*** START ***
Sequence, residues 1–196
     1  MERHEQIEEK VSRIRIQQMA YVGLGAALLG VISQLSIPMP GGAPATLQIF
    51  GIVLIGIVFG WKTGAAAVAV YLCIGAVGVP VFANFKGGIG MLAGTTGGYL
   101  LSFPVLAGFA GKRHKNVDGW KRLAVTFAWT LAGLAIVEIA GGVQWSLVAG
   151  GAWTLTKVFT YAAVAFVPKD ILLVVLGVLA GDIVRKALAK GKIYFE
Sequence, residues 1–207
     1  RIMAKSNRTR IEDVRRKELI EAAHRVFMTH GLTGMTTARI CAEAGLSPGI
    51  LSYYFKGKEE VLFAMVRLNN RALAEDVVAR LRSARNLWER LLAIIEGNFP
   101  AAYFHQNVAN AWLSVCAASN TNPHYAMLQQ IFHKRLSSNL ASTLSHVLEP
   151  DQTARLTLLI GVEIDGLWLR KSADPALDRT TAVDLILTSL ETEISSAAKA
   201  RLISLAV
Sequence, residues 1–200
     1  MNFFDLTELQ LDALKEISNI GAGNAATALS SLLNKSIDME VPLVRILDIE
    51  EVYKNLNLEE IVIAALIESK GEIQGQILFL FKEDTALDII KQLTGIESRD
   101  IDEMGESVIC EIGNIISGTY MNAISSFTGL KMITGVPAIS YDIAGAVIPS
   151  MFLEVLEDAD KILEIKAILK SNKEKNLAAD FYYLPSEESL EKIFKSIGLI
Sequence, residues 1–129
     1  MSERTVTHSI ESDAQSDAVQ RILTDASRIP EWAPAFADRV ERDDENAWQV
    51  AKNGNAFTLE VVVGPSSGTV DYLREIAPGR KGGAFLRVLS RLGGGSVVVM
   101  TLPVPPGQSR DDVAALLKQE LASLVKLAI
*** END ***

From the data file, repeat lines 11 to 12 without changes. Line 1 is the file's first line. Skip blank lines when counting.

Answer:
   201  RLISLAV
Sequence, residues 1–200